Medicare Advantage plans
Medicare Advantage plans are a type of health plan offered through private insurance companies that contract with Medicare to provide all your Part A and Part B benefits as well as additional benefits not included with original Medicare.
You must be enrolled in original Medicare to qualify for this plan, also known as Medicare Part C, as it is not a replacement. However, these plans can sometimes be provided at no additional cost.
Eligibility is simple. In most cases, if you have Medicare Part A and Part B, you are eligible for an Advantage plan. The only catch is you must live in the service area.
How does Medicare Advantage work?
MA Plans are essentially all-in-one health coverage plans offered by insurance companies that are approved by Medicare. You still have Medicare when you are enrolled in a Medicare Advantage plan and you still pay your Part B premium.
Medicare actually pays a fixed amount for your care every month to the insurance companies offering Medicare Advantage. That is how companies offering these plans can sometimes provide them at no extra cost to you. If not, there will be some sort of premium for your Advantage plan.
Typically, Advantage plans are managed and have networks of contracted health care providers. You’ll select a primary care physician who helps control your care. If your plan includes prescription drug coverage, you may also receive medication management. This coordination surrounding your health care is very convenient.
What does Medicare Part C cover?
This plan includes Medicare Part A and B while usually including prescription drug coverage as well.
In addition to those benefits, your plan offerings could also include dental, vision, and hearing.
Other extra benefits can include:
- Wellness programs
- Fitness center membership
- Transportation to doctor visits
- Over-the-counter drugs
- Adult day-care services
And because these plans can come at no additional cost to you in some cases, it’s worth it to see if you can take advantage of all the extras you’ll receive.
Cost of Medicare Advantage
Some Part C plans have no premium. The only way to find out if your Advantage plan has a premium is by calling a licensed Medicare insurance agent.
Other important information to know to determine your costs associated with a Part C plan is:
- Whether the plan pays any of your Part B premium
- What the yearly deductible is or if there are any other deductibles
- How much copay or coinsurance is
- The limit on your out-of-pocket costs for all medical services
It’s also important to remember that each year, plans can change the amount they charge for premiums, deductibles, and other services. What you pay can change only once per year on January 1. You will receive an annual notice of change that details any changes in coverage, costs, or the service area in which your policy is effective.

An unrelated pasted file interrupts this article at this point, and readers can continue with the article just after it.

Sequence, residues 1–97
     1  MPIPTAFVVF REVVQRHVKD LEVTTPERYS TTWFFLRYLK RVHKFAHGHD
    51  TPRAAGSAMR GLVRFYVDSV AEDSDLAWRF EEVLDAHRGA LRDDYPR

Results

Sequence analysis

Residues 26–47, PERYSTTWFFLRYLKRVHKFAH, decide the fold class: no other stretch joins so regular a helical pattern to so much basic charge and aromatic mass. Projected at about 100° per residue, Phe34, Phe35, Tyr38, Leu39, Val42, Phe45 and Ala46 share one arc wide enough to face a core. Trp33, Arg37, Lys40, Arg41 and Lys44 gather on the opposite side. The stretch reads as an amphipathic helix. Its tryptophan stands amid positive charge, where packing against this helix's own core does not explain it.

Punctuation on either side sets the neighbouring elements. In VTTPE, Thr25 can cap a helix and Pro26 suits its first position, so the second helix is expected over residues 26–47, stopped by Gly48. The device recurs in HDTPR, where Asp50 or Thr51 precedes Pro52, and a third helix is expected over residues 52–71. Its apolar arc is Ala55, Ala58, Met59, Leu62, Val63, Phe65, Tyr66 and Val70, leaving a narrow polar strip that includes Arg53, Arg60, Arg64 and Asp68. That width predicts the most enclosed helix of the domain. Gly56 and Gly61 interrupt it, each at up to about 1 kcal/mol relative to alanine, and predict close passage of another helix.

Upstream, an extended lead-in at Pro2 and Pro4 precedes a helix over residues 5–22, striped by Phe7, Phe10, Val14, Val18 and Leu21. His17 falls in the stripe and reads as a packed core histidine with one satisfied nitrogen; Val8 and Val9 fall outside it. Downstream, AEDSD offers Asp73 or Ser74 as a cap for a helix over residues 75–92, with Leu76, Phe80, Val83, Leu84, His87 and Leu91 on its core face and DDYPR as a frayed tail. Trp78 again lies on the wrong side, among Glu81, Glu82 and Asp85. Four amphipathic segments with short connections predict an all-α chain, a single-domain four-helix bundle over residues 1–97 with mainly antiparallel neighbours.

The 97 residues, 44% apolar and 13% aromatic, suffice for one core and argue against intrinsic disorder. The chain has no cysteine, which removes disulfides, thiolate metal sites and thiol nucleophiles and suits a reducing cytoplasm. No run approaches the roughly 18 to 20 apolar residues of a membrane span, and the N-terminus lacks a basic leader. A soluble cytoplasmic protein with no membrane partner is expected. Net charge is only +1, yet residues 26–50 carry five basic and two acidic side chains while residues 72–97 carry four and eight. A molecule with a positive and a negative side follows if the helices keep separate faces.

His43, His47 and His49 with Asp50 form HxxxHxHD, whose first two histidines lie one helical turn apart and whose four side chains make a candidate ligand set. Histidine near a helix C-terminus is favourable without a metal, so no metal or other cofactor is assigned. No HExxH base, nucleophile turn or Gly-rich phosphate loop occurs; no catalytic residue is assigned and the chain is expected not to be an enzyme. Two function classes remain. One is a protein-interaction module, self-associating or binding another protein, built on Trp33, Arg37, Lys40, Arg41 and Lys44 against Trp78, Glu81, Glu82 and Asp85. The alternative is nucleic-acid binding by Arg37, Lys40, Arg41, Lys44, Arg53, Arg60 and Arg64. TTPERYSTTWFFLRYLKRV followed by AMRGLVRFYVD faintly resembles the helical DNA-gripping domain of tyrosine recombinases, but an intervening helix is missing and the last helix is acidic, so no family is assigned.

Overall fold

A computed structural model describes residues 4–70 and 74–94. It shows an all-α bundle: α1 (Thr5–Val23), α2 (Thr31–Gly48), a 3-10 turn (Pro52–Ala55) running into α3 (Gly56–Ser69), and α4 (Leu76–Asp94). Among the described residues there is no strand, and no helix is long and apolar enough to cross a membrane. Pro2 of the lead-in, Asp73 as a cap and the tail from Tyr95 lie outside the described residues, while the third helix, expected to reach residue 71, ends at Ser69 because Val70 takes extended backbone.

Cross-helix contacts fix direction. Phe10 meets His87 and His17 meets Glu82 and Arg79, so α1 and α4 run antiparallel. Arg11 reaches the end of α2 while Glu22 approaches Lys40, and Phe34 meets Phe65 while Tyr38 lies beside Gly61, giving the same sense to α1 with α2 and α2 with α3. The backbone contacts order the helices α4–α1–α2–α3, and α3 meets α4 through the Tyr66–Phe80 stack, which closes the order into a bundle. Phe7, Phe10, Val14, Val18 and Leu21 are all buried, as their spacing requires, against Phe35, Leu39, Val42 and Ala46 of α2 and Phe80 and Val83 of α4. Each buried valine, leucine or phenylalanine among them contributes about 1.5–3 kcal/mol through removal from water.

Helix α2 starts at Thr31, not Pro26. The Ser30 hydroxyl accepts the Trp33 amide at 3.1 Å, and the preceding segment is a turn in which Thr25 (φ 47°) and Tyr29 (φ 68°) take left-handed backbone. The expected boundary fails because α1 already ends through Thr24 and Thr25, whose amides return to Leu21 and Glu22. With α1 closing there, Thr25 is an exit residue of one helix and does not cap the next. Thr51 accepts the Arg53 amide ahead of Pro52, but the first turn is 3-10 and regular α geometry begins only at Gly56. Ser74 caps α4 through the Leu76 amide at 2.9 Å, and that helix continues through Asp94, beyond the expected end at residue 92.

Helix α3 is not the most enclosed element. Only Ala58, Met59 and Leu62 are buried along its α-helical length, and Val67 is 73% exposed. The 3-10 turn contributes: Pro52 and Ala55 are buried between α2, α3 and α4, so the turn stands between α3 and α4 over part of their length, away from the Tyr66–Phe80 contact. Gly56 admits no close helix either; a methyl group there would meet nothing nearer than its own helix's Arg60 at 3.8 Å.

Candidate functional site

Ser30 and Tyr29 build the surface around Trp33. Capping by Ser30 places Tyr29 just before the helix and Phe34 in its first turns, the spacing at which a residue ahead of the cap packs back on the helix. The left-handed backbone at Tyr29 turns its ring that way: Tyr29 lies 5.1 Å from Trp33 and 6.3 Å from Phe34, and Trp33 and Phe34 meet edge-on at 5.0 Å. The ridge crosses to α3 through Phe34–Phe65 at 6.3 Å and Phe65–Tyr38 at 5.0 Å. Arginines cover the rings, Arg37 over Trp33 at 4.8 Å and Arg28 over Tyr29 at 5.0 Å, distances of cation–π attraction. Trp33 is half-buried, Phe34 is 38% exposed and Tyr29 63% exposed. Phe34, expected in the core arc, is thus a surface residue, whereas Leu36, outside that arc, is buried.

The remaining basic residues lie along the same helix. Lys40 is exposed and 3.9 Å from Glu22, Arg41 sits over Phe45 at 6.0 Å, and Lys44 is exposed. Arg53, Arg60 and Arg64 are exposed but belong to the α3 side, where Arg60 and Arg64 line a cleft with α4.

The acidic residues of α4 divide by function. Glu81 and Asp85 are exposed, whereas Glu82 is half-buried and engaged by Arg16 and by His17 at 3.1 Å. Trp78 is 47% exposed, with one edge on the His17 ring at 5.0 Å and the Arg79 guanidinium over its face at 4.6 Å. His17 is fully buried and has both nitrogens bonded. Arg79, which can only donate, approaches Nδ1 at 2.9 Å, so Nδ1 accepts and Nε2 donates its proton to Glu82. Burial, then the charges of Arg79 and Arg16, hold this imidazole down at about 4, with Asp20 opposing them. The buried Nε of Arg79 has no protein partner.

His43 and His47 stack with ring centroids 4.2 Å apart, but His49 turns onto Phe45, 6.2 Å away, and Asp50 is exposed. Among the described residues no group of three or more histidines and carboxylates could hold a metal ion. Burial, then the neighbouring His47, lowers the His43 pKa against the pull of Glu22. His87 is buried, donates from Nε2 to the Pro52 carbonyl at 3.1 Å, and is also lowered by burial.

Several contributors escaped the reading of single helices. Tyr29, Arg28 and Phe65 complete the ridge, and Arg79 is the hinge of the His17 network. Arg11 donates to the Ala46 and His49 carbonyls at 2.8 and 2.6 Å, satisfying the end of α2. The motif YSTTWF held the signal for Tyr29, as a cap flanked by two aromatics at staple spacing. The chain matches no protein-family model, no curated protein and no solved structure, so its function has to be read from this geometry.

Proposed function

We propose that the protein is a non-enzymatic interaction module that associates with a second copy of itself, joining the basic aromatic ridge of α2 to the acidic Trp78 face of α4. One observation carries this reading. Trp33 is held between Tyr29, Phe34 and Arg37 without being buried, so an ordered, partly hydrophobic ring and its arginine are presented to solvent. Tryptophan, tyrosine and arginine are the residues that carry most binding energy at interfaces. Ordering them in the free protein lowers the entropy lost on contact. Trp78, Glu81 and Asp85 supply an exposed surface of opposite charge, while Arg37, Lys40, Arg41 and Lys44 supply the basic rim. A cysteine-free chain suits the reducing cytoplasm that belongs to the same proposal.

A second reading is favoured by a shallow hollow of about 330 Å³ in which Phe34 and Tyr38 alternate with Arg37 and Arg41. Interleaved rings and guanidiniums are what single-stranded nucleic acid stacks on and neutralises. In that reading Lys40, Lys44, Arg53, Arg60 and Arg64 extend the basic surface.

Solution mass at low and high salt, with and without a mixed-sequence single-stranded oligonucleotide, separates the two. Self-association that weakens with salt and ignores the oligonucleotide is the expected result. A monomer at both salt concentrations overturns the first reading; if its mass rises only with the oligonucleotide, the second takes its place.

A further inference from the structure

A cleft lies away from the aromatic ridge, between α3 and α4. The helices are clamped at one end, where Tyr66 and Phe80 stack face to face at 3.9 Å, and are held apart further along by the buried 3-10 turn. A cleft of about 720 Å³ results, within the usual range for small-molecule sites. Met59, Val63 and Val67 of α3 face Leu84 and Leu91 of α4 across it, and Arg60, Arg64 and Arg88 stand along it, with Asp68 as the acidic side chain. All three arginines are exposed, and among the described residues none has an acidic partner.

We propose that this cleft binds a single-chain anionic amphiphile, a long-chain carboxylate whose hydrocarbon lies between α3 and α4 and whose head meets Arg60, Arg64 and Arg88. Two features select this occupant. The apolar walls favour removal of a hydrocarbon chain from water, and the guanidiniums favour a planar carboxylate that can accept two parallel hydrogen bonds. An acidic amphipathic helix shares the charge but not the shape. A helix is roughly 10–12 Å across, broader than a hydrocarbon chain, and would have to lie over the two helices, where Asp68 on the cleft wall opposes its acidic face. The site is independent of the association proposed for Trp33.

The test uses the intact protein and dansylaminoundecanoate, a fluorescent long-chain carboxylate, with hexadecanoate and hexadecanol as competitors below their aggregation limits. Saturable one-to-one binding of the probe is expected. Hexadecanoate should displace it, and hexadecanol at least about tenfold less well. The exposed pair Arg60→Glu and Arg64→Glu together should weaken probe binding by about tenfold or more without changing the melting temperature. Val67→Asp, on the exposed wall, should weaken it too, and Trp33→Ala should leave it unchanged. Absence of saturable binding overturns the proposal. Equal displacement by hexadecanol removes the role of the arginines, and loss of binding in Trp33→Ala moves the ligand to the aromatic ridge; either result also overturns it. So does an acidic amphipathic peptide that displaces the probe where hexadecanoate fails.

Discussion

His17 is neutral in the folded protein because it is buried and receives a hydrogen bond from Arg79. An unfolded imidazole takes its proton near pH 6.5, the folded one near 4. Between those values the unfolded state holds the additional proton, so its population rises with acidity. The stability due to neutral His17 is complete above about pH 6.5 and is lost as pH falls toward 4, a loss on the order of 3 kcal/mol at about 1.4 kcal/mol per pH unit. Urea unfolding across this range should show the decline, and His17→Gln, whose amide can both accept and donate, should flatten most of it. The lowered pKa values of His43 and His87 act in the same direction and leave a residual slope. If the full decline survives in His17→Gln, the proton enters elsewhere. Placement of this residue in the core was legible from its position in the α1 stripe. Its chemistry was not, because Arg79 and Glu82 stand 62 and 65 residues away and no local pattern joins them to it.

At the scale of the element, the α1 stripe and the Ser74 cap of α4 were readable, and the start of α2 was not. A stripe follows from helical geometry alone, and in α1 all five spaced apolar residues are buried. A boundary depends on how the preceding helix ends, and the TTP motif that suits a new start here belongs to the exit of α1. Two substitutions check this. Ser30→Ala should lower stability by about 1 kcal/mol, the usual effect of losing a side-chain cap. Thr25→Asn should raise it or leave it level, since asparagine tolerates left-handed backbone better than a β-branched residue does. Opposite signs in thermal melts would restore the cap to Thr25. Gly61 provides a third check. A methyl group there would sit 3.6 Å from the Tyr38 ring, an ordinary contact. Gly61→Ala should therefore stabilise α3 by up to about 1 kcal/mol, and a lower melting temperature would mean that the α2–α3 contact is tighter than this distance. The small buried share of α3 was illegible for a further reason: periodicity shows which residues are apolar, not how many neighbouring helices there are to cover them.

You can only enroll in an Advantage plan during certain periods:
Initial coverage election period — You can enroll when you first become eligible for Medicare. Your initial coverage election period is a seven-month period that start three months before the month you turn 65 and ends three months after the month you turn 65. If you are under age 65 and you receive Social Security disability, you qualify for Medicare in the 25th month after you begin receiving your Social Security benefits. If that pertains to you, you can enroll into a Medicare Part C plan three months before your month of eligibility until three months after your eligibility.
Annual election period — Also known as open enrollment, the annual election period for Medicare Advantage is October 15 through December 7 every year. Coverage for the plan you choose during this time will begin January 1 the next year. During this time, you can also add, change, or drop current coverage.
Medicare Advantage Open Enrollment Period — If you enroll in a Medicare Advantage plan but decide you want to switch back to original Medicare, you can do so January 1 through March 31. If your Advantage plan included Part D prescription coverage, you can enroll into a stand-alone plan during this time to replace that piece of lost coverage.
Special Election Period — If you move outside your Medicare Advantage plan’s service area, qualify for extra help (such as a program that helps pay for your prescription drugs), or move into an institution (nursing home and etc.) you might qualify for a special election period. During this time you can also make changes to your Part C coverage.
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